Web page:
Mystery's Blindside

As humans, we are attracted by mystery, yet at the same time we are terrified of what it means. To both our gains and losses, we hold a paradoxical relationship with it. We see mystery as the most wonderful quality in the people we admire and love. We also reach for it as a standard explanation for the skills, capacities and qualities these people have nurtured over the years—mystery dresses them with magic, giving us the perception that it is something they are born with.

We love mystery, yet are also shunned by its elusiveness; not because it is menacing, but because the insecurities and disastrous what-ifs triggers are too much to face. We are consumed by fantasies of failing, we are consumed by the fear of exploring the possibilities mystery has to offer us. Probing deeper into it, mystery is born from lack of information—there is no background or history explaining the features and complexities of the skills portrayed by the people we admire—be it writing, singing, painting, listening, solving problems, selling, and others. We attribute that they are born gifted and talented automatically—and it is not our fault. We are constantly fed by stories of passion and success through social media and television, that it seems to be the only way the world works. These idols magically experience epiphanies and discover what they excel at, do it their whole lives and live from it without any hardships.  We are given nothing else, because our attraction to mystery is the magic that sells it.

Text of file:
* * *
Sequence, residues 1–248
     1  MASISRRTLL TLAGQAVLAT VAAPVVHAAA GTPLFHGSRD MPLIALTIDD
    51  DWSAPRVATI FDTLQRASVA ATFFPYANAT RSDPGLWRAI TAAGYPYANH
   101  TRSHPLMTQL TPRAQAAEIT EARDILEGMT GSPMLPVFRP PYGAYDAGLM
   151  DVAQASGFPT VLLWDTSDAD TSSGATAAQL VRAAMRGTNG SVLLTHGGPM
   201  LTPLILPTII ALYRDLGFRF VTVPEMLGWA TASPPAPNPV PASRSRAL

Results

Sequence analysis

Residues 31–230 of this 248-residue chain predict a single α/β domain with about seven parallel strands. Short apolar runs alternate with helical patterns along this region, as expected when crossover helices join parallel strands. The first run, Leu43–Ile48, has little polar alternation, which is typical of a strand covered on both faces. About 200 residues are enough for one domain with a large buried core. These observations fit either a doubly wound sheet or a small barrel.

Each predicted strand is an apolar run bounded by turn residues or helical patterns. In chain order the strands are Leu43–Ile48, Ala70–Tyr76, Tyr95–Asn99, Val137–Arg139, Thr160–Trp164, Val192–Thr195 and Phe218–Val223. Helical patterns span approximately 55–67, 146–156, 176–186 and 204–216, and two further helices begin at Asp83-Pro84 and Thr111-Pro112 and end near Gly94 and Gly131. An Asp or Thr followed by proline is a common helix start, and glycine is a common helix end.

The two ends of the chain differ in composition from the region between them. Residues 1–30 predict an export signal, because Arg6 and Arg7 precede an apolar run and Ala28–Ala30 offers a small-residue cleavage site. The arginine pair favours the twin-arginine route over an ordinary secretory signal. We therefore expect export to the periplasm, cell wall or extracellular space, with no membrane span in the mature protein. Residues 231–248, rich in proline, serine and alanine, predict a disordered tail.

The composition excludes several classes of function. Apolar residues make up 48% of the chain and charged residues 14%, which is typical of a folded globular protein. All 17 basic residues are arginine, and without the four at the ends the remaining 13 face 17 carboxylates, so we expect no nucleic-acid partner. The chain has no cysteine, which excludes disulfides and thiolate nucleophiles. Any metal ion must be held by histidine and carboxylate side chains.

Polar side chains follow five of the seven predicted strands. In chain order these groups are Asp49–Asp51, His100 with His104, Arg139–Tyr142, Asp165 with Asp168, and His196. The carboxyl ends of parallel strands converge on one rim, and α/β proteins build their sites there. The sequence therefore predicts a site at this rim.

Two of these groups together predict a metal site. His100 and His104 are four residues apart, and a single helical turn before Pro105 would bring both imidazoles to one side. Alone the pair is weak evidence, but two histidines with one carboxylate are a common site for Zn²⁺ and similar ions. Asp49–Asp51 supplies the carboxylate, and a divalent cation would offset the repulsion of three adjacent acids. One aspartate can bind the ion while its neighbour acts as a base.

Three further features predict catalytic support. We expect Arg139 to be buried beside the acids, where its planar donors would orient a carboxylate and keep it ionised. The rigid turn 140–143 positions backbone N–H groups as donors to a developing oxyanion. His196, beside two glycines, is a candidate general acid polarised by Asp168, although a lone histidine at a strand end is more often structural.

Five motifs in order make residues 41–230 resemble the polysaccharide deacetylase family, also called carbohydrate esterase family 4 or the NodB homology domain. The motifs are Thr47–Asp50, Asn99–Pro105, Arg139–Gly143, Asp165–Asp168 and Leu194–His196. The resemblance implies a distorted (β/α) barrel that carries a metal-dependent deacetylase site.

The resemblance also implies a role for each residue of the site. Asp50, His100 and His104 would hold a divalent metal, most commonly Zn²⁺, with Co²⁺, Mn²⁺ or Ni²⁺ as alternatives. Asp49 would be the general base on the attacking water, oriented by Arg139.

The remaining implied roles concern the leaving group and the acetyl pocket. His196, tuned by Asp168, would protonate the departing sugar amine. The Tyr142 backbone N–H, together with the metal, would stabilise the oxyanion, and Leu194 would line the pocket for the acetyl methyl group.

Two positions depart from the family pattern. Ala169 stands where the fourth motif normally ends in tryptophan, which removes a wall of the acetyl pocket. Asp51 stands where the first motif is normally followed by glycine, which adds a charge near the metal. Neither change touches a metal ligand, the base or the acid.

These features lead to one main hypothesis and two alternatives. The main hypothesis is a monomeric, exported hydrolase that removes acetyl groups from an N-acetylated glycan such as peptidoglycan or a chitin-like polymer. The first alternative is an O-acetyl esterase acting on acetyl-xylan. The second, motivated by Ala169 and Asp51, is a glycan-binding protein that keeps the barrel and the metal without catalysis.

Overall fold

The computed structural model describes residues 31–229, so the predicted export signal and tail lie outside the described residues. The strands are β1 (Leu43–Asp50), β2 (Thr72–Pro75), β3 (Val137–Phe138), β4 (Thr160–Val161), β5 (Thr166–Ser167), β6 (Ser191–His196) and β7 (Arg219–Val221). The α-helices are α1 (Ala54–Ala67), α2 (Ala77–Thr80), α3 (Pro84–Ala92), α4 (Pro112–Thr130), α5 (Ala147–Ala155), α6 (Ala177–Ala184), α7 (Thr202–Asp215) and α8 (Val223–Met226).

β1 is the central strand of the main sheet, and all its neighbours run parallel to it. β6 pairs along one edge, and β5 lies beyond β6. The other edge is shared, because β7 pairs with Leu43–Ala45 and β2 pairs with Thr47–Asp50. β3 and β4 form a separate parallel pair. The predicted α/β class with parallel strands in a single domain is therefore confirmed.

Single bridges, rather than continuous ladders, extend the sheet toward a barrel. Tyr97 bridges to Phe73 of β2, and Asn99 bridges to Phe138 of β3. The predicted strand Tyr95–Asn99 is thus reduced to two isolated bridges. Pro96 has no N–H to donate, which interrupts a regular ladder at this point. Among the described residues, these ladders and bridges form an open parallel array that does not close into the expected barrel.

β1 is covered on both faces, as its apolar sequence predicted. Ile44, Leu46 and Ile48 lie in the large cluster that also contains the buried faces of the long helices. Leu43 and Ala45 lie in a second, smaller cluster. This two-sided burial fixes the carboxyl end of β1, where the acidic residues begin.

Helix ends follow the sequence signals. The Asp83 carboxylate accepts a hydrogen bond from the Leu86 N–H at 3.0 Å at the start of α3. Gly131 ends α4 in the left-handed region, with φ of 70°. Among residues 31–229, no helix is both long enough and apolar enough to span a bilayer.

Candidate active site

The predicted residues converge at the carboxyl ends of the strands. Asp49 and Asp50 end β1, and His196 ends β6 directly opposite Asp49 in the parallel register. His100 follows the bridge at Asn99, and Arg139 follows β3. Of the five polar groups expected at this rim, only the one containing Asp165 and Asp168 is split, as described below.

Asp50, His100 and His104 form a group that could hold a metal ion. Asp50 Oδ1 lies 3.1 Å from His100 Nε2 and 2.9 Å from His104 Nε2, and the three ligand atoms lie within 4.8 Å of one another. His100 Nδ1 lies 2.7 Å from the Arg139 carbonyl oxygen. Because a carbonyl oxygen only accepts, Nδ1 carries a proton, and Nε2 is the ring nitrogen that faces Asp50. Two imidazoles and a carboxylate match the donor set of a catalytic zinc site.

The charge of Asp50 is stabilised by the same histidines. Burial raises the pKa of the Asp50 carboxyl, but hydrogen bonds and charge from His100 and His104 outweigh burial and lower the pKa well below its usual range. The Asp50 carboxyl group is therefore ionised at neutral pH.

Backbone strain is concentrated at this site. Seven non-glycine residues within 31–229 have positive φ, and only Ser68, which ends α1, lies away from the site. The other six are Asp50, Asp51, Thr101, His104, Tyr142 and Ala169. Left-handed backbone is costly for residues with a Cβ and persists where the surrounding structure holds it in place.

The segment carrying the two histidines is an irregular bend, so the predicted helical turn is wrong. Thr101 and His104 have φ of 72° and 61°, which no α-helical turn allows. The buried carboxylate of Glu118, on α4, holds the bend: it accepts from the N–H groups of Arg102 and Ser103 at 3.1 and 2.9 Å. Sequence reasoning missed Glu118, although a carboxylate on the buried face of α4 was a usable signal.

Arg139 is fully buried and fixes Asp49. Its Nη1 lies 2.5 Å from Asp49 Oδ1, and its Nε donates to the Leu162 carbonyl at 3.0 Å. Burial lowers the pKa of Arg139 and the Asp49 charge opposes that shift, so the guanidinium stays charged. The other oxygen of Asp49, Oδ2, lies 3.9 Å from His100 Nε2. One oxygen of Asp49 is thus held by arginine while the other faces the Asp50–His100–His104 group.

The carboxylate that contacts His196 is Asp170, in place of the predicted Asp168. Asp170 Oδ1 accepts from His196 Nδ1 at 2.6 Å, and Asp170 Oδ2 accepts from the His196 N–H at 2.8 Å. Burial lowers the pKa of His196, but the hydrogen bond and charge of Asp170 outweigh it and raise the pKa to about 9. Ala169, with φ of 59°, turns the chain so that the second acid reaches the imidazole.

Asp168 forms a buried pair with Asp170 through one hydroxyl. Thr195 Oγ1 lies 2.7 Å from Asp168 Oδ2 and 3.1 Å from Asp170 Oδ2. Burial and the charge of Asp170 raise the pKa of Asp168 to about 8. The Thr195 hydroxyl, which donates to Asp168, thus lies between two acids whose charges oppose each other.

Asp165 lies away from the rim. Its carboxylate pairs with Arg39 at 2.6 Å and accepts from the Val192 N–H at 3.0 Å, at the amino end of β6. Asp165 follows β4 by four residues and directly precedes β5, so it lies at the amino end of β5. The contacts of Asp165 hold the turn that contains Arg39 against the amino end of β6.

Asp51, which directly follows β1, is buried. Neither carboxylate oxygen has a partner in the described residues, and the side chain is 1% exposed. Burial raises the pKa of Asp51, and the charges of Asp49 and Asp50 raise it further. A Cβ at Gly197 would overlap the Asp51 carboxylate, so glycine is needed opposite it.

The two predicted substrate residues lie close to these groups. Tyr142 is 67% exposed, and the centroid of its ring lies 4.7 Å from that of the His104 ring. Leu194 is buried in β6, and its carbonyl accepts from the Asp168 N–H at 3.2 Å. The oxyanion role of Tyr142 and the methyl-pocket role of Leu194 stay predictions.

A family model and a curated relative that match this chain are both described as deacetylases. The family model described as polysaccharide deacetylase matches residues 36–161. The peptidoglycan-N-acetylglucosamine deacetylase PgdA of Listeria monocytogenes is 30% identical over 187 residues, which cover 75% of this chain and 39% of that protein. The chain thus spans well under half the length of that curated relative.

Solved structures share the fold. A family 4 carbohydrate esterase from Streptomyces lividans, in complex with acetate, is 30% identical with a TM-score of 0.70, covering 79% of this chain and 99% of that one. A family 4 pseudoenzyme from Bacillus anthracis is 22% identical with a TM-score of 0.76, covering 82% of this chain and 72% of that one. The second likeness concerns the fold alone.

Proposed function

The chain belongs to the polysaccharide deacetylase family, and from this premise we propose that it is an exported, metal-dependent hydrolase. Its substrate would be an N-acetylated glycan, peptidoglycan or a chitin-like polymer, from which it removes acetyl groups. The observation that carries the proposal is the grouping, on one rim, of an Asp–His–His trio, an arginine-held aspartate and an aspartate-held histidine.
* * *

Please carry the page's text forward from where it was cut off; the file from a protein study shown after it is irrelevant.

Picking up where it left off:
I propose that we stop for a moment and reflect on the pressure that this belief slips into our daily lives. It is a dangerous spotlight on talent, specifically on being a natural in our pursuits. We believe that we must be proficient in our pursuits from the very start of our endeavors—however, reality shatters this aspect of mystery and breaks us apart. Rarely (if ever) we are proficient in new endeavors. The pressure to excel, gives birth to a paralyzing frustration, which stops us from pursuing our interests and passions.

We become stagnant because the emphasis that our culture places on talent and excellence from the start is a dazzling embellishment that overshadows what lies behind proficiency in any given area. Without our knowledge, we automatically shame ourselves with self-affirmations like, “I’m just no good at this, this is too difficult, I wasn’t born with talent.”  We stray from our callings believing that we cannot rise up and show up to the challenges that are inherently tied to them.

What I propose is that we periodically stop and reflect on the possibilities of what we could be, what we could do, and what we could accomplish, if we nurture these interests and move them away from the pressure and embellishment of mystery. Are we brave enough to rise up to the challenges that come with the pursuit of our interests and passions? Are we brave enough to deepen those possibilities?